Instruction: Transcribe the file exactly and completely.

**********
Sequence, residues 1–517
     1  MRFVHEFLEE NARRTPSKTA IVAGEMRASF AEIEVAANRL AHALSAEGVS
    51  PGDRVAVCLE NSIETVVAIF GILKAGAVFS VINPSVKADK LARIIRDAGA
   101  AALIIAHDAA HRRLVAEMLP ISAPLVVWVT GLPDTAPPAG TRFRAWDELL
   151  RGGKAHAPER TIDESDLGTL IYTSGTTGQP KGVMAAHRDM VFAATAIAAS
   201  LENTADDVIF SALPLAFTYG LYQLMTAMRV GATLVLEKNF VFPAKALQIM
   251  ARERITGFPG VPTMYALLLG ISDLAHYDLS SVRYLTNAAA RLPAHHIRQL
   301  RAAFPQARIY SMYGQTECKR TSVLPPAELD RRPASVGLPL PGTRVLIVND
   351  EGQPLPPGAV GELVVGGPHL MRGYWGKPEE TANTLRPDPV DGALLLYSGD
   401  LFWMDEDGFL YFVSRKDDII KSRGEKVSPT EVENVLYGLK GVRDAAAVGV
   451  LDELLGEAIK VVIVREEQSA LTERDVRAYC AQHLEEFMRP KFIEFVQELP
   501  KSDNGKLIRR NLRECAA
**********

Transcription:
Sequence, residues 1–517
     1  MRFVHEFLEE NARRTPSKTA IVAGEMRASF AEIEVAANRL AHALSAEGVS
    51  PGDRVAVCLE NSIETVVAIF GILKAGAVFS VINPSVKADK LARIIRDAGA
   101  AALIIAHDAA HRRLVAEMLP ISAPLVVWVT GLPDTAPPAG TRFRAWDELL
   151  RGGKAHAPER TIDESDLGTL IYTSGTTGQP KGVMAAHRDM VFAATAIAAS
   201  LENTADDVIF SALPLAFTYG LYQLMTAMRV GATLVLEKNF VFPAKALQIM
   251  ARERITGFPG VPTMYALLLG ISDLAHYDLS SVRYLTNAAA RLPAHHIRQL
   301  RAAFPQARIY SMYGQTECKR TSVLPPAELD RRPASVGLPL PGTRVLIVND
   351  EGQPLPPGAV GELVVGGPHL MRGYWGKPEE TANTLRPDPV DGALLLYSGD
   401  LFWMDEDGFL YFVSRKDDII KSRGEKVSPT EVENVLYGLK GVRDAAAVGV
   451  LDELLGEAIK VVIVREEQSA LTERDVRAYC AQHLEEFMRP KFIEFVQELP
   501  KSDNGKLIRR NLRECAA